Three Poems by Bruce Boone

BOMB 151 Spring 2020
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Bruce B La Fontaine

from La Fontaine (1981) by Bruce Boone and Robert Glück


‘Now here’s one I like!’
Or—‘Stop me if you’ve heard this,’ but
this story’s the exception. It’s
vouched for by Science and actually
happened. You judge.

A tree is cut down on account of age—
too much rot. It’s the owl’s hiding place.
Inside they find
spiders and nasty bugs of all kinds,
lizards and of course mice. The mice
have huge gluttonous tummies and no feet.
Why? Our learned owl’s plied them
with grain; he’s forced nutritious seed
down gullets and mutilated their little legs.
Why not admit it? this bird reasoned.
Here’s what happened. He hunted them.
When caught, they’d escape. The owl’s
distressed. For a remedy, he cripples them.
Fine! Now Mr. Owl
can perch at leisure. His larder’s
full. Eat them at once? Health problems
surely follow. One by one then. He’s
on owl Easy Street now. Lessons? This
bird’s prudence and ours are the same—
and intelligence often comes in small
packages. Why do the Cartesians continue
their blind speculations? This bird’s
a piece of clockwork, cog and wheel and nothing
else? Learn from a philosopher with more
to teach—Nature. Nature’s your true guide.
‘Eat ’em when you get ’em—or they
run off. Too many? Pack ’em in the cooler.’
My judgment’s harsh?
Wasn’t the era? Think before condemning.
The lucky ones of the century ate the
lovely Duchesse pears, the best there were.
We breathed clean air, took walks. Our
writing hasn’t been surpassed. Our poor
were easily forgotten; we never knew them.
On my deathbed I thought of the Estate
rather than Heaven. My last Will was this—
Read my poems.

from Dark Queer Suite (2006) by Bruce Boone


“Gai” exists but boisterous too: God. Some ex-hippies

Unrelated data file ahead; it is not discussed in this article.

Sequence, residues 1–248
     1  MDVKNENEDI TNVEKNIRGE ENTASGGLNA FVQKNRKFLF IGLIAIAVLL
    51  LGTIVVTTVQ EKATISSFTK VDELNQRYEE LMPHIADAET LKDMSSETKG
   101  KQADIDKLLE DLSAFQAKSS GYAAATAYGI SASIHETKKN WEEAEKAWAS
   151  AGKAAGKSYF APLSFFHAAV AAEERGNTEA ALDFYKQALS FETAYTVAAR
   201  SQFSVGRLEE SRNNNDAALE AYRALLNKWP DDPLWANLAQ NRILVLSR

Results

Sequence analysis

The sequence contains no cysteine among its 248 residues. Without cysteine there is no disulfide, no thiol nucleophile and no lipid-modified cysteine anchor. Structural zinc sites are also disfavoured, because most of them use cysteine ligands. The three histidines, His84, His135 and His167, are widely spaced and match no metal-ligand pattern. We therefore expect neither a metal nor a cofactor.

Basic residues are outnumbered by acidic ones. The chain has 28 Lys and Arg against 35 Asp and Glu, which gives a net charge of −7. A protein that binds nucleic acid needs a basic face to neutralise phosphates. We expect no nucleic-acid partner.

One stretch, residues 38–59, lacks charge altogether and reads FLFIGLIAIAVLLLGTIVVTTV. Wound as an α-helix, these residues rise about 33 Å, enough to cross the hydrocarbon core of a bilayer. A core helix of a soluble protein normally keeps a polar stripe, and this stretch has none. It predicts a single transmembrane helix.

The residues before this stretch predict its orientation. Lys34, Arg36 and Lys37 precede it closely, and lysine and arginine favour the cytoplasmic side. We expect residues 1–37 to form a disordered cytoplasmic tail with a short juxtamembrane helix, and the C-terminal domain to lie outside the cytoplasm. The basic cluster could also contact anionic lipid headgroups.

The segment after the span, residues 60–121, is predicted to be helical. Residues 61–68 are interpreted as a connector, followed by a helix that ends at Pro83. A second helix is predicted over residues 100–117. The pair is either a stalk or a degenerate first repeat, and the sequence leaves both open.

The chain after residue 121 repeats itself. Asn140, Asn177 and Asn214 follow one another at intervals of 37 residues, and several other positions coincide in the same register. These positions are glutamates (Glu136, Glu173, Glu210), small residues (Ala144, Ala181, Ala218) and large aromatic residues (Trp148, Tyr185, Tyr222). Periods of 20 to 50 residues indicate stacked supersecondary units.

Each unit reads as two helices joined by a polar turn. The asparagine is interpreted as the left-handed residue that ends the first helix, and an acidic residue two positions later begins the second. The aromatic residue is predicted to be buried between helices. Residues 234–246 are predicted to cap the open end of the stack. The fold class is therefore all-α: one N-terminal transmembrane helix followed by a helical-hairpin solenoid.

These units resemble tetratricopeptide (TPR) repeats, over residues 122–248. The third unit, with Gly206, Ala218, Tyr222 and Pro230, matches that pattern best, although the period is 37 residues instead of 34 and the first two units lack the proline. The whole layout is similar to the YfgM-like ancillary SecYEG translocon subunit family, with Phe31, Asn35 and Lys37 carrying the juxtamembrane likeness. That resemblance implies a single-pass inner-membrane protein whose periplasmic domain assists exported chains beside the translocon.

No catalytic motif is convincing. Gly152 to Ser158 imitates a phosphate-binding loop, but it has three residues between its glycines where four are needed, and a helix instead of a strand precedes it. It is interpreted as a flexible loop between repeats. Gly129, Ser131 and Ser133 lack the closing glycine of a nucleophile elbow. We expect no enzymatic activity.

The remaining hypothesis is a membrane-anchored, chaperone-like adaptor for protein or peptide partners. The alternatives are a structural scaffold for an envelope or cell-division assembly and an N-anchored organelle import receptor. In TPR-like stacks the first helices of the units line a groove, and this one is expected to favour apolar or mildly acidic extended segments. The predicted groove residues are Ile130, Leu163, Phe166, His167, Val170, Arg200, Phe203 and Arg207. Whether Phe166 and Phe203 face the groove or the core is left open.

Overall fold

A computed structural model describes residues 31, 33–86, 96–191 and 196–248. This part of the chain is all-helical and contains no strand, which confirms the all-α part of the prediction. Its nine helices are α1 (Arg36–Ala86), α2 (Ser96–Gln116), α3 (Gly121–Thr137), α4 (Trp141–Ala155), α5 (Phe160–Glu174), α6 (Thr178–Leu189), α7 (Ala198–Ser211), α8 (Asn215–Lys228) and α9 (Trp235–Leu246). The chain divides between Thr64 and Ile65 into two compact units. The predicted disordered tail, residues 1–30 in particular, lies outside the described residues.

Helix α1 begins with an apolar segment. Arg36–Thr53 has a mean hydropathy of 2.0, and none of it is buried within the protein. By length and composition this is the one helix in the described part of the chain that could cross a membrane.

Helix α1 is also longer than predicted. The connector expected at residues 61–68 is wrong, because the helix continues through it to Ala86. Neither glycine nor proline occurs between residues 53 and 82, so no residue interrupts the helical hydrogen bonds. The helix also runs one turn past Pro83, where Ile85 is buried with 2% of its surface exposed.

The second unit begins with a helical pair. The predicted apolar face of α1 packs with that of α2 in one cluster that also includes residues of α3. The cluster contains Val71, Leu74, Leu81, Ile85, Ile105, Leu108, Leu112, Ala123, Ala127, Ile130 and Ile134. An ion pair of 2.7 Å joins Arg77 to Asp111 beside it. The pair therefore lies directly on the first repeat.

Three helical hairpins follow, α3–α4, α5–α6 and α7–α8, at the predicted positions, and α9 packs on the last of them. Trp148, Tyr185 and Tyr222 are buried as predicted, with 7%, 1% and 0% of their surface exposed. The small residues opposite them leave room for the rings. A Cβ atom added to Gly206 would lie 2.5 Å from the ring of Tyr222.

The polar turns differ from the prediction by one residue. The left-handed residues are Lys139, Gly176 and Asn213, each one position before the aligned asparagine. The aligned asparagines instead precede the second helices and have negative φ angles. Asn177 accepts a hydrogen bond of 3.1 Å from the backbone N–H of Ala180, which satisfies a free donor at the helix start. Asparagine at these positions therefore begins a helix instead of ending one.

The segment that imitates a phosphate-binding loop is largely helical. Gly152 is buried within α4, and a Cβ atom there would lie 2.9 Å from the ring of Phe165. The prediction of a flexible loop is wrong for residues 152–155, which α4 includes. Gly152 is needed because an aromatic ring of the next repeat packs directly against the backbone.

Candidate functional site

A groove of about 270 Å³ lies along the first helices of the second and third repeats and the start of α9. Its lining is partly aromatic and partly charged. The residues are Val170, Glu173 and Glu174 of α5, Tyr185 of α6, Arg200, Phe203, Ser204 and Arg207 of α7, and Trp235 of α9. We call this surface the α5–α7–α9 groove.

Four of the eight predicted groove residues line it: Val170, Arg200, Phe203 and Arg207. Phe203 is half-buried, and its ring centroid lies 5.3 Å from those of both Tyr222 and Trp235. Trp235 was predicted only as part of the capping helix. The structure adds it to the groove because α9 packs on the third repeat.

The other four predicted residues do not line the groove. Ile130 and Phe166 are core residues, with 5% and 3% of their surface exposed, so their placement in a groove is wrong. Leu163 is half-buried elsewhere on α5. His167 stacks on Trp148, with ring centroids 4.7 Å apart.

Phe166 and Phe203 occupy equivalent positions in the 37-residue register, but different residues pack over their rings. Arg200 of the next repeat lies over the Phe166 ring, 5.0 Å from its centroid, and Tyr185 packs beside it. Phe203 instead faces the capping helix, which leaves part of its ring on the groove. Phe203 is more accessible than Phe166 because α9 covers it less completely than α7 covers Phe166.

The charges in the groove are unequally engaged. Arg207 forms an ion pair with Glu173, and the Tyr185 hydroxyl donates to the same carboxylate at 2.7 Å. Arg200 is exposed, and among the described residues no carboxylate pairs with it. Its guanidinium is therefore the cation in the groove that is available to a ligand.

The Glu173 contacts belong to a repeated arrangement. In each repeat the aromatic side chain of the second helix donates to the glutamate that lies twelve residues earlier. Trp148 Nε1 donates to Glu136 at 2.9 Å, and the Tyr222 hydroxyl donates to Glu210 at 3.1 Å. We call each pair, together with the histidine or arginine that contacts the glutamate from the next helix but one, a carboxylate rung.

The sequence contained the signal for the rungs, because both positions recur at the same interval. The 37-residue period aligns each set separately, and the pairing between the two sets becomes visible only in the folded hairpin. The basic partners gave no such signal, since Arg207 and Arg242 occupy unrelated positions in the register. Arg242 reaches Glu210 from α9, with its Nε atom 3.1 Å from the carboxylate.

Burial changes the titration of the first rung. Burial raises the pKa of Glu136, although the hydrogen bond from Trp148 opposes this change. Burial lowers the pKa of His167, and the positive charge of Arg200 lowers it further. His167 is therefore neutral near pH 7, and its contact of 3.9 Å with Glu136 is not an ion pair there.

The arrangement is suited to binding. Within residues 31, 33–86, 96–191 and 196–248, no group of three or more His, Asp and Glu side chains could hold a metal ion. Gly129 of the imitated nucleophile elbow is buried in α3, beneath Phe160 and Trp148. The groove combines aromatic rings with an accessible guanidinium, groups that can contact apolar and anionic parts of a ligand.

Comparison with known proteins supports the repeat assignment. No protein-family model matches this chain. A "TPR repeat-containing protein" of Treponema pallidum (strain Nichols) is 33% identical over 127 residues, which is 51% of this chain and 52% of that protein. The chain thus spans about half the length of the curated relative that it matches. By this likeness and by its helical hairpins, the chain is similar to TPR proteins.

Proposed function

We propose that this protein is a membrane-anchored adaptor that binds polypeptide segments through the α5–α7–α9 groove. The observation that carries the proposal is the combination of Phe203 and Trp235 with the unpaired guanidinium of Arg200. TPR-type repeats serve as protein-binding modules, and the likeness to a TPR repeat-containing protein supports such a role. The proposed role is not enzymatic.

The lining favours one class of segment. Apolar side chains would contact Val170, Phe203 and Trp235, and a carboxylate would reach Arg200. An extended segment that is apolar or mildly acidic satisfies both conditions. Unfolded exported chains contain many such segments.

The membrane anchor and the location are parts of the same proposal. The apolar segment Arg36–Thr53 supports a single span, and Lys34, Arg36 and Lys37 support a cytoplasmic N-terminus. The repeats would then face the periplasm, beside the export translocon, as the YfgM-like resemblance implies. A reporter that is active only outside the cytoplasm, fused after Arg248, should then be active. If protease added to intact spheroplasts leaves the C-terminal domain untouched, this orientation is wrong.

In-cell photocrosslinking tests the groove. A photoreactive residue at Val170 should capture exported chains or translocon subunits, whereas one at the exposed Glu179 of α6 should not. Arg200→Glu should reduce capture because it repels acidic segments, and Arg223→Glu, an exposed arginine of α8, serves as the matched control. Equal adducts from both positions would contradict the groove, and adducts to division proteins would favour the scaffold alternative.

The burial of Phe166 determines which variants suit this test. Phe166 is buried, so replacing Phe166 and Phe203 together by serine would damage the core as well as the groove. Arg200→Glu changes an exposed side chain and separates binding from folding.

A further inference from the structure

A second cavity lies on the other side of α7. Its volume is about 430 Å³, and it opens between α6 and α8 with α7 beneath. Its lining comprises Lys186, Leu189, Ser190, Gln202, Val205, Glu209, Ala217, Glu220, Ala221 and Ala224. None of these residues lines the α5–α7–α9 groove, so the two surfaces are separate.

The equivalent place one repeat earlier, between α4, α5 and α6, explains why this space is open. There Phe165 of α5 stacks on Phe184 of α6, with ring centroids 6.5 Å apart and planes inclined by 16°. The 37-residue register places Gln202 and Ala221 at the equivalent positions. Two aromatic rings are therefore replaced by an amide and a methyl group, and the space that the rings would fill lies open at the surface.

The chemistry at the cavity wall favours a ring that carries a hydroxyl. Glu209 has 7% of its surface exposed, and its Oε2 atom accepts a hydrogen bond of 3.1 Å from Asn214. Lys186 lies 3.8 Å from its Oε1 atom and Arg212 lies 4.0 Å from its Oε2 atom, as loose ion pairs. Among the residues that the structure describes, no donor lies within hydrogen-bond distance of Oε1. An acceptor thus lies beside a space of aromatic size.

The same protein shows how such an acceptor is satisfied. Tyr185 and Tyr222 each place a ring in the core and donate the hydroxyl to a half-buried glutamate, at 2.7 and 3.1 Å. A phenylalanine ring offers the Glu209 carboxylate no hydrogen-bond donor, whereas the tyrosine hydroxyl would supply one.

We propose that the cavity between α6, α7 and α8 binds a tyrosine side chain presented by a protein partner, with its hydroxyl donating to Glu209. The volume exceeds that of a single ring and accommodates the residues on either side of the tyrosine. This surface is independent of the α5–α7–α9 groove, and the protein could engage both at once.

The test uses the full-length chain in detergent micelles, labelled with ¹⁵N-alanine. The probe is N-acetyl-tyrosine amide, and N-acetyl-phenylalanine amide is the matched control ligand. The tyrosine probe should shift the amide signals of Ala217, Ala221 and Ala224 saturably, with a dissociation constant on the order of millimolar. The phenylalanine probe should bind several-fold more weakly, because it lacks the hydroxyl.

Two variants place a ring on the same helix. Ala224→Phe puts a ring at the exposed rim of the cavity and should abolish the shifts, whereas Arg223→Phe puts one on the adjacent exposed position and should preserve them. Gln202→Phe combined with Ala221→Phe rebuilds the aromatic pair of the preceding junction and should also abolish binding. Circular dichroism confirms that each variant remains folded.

in the movie I saw at the Castro with David. The
Big Chill. Near-to-chunky William Hurt. Glenn
Close a real love. Kevin Kline. JoBeth what’s
her name. Now like my neighborhood, 24th St.

To wake up in the night and a flash (I do this
all the time actually) tells you my god there’s
a nuclear war on! If there’s visitors to the
planet or rubble of it in 2020 and there’s anything
left they’ll wonder why these poems, ours, rhymed
language with “nothing.” Señorita Presidente, whined
Baudelaire to his bitchy girlfriend, ta tête, ton geste,
ton air. Just glitter and breathe. Ice.

It grids at this point, affection’s
the invader. Space shudders, orgasms of some Other
World come out, they’re gism. Vampires in
the old US of A? The piece of flesh crawls.
Let the sombitch be, Jed. Hideous infantile giggling.

That back of his, covered with hair, creative? Mr.
Idiot of dreams’s sitting on his back porch, droolin’
or dreamin’. World out there’s a-shiver with ideas
said Baudelaire leaning out his balcony, wrinkles brow,
is there a comparison maybe? Like all those long and
solemn… huh!… can’t remember how it ends till
the sucker finishes, says he. Three Mile Island
short circuit, right? Breadlines, right? A Grenada.
Bag that.

Dearest, I’m writing this to let you know sincerely